FORCE SENSOR LOCATION
Force Sensor Location
In force feedback control, the location of the force sensor with respect to the location of actuation can have a crucial effect on system performance, stability in particular.
For example, in robotic manipulator applications, it has been experienced that with some locations and configurations of a force-sensing wrist at the robot end effector, dynamic instabilities were present in the manipulator response for some (large) values of control gains in the force feedback loop.
These instabilities were found to be limit-cycle-type motions in most cases.
Generally, it is known that when the force sensors are more remotely located with respect to the drive actuators of a mechanical system, the system is more likely to exhibit instabilities under force feedback control. Hence, it is desirable to make force measurements very close to the actuator locations when force feedback is used.
Consider a mechanical processing task. The tool actuator generates the processing force, which is applied to the workpiece. The force transmitted to the workpiece by the tool is measured by a force sensor and is used by a feedback controller to generate the correct actuator force.
The machine tool is a dynamic system, which consists of a tool subsystem (dynamic) and a tool actuator (dynamic). The workpiece is also a dynamic system.
Relative location of the tool actuator with respect to the force sensor (at the toolworkpiece interface) can affect stability of the feedback control system. In general, the closer the actuator to the sensor the more stable the feedback control system. this can determine the stability of the overall control system. In both cases the processing force at the interface between the tool and the workpiece is measured using a force sensor, and is used by the feedback controller to generate the actuator drive signal. In Figure (a) the tool actuator, which generates the drive signal of the actuator, is located right next to the force sensor. In Figure (b) the tool actuator is separated from the force sensor by a dynamic system of the processing machine.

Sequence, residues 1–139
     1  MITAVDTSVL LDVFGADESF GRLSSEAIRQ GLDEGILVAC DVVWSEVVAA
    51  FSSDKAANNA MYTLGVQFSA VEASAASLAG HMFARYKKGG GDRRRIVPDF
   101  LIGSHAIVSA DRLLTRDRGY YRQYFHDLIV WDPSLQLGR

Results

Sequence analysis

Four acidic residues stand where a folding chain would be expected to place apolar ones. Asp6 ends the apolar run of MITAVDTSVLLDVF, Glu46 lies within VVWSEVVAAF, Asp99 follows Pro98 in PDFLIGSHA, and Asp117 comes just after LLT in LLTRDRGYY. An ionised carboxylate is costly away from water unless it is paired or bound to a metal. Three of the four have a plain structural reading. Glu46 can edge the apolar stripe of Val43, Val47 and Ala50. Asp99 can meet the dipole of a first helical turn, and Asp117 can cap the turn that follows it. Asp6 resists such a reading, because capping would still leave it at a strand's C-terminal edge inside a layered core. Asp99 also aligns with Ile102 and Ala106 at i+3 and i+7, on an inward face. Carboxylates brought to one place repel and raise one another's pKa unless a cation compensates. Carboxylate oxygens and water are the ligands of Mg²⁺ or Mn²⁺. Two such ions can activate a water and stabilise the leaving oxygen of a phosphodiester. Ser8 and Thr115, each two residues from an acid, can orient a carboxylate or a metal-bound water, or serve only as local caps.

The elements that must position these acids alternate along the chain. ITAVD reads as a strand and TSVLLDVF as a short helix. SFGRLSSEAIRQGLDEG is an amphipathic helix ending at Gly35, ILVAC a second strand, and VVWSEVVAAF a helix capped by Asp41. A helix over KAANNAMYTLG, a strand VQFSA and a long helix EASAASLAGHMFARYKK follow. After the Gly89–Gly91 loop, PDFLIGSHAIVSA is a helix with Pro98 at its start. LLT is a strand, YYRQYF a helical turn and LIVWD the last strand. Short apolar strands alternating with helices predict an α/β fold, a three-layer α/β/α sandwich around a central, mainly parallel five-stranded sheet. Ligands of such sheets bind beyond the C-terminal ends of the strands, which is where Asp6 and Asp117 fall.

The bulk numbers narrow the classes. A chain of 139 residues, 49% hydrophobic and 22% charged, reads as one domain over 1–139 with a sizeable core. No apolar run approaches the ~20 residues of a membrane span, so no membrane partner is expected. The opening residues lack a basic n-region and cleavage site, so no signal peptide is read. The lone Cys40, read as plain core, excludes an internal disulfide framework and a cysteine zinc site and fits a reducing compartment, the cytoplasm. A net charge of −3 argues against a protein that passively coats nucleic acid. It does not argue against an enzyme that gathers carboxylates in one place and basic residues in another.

It is known that the arrangement (b) in the Figure is less stable than arrangement in Figure (a).
(a) Force sensor located next to the actuator, (b) Force sensor separated from the actuator by a dynamic
Arrangement in Figure (b) introduces more dynamic delay into the feedback control loop. It is well known that the time delay has a destabilizing effect on feedback control systems, particularly at high control gains. The root locus method is useful in stability studies of this type.